Advertisement

Coarse- and fine-grained models for proteins: Evaluation by decoy discrimination

Authors

  • Chris Kauffman,

    Corresponding author
    1. Department of Computer Science, George Mason University, Fairfax, Virginia 22030
    2. Department of Computer Science, University of Minnesota, Minneapolis, Minnesota 55455
    • Department of Computer Science, George Mason University, 4400 University Drive MSN 4A5 Fairfax, VA 22030
    Search for more papers by this author
  • George Karypis

    1. Department of Computer Science, University of Minnesota, Minneapolis, Minnesota 55455
    Search for more papers by this author

Abstract

Coarse-grained models for protein structure are increasingly used in simulations and structural bioinformatics. In this study, we evaluated the effectiveness of three granularities of protein representation based on their ability to discriminate between correctly folded native structures and incorrectly folded decoy structures. The three levels of representation used one bead per amino acid (coarse), two beads per amino acid (medium), and all atoms (fine). Multiple structure features were compared at each representation level including two-body interactions, three-body interactions, solvent exposure, contact numbers, and angle bending. In most cases, the all-atom level was most successful at discriminating decoys, but the two-bead level provided a good compromise between the number of model parameters which must be estimated and the accuracy achieved. The most effective feature type appeared to be two-body interactions. Considering three-body interactions increased accuracy only marginally when all atoms were used and not at all in medium and coarse representations. Though two-body interactions were most effective for the coarse representations, the accuracy loss for using only solvent exposure or contact number was proportionally less at these levels than in the all-atom representation. We propose an optimization method capable of selecting bead types of different granularities to create a mixed representation of the protein. We illustrate its behavior on decoy discrimination and discuss implications for data-driven protein model selection. Proteins 2013. © 2012 Wiley Periodicals, Inc.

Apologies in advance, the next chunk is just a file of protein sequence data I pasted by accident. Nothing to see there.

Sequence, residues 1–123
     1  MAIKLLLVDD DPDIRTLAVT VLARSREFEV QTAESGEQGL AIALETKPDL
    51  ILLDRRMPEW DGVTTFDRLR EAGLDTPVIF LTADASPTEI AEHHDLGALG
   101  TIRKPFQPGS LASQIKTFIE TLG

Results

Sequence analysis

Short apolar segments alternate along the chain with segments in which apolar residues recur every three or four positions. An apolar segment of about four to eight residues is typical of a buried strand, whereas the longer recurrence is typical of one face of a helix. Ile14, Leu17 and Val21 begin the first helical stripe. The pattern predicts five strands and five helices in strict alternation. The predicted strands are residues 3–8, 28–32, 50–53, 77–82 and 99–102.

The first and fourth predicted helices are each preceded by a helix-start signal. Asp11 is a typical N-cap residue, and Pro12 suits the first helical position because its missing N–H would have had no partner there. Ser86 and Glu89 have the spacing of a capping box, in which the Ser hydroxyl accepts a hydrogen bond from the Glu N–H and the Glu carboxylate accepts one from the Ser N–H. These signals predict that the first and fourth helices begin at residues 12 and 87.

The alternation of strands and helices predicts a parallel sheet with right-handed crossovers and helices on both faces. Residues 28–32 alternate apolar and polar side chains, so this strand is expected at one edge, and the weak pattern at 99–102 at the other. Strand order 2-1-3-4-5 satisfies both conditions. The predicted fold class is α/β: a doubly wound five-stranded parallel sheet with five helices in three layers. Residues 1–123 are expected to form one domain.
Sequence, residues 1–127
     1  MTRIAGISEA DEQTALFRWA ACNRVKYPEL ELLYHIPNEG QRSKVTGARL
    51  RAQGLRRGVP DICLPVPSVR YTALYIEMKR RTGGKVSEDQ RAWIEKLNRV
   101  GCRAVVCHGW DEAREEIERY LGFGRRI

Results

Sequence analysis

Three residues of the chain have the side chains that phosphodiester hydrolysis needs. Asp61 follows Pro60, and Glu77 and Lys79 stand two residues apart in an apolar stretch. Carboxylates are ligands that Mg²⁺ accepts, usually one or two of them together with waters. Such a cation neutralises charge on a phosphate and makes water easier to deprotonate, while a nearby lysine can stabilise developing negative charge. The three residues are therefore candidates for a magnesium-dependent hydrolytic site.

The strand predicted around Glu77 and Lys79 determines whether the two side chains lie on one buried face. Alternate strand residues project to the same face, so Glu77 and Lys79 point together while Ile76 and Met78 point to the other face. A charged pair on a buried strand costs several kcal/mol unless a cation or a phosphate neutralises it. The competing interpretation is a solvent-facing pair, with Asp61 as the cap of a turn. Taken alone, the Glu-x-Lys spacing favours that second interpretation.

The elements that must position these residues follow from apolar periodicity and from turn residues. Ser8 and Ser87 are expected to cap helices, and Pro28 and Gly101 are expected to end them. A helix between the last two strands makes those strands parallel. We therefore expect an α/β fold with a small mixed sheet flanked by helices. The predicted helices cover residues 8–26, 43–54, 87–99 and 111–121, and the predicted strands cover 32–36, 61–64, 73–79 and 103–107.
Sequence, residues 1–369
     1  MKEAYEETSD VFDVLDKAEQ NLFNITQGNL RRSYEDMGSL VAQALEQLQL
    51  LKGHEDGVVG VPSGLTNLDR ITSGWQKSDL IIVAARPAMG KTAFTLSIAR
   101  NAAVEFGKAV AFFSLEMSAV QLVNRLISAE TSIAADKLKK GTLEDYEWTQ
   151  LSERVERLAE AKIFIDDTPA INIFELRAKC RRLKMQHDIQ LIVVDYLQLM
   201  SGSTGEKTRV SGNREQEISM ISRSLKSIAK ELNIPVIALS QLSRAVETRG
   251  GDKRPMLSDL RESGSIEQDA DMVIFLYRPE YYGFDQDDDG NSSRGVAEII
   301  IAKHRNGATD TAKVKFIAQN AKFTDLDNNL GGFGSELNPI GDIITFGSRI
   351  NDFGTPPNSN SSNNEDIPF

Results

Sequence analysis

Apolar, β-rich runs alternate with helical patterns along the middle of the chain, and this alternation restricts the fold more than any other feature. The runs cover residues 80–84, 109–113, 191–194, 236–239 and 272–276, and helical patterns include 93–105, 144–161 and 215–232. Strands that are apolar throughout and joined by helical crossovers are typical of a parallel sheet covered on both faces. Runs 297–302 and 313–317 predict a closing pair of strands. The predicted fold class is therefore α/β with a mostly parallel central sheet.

Ancillary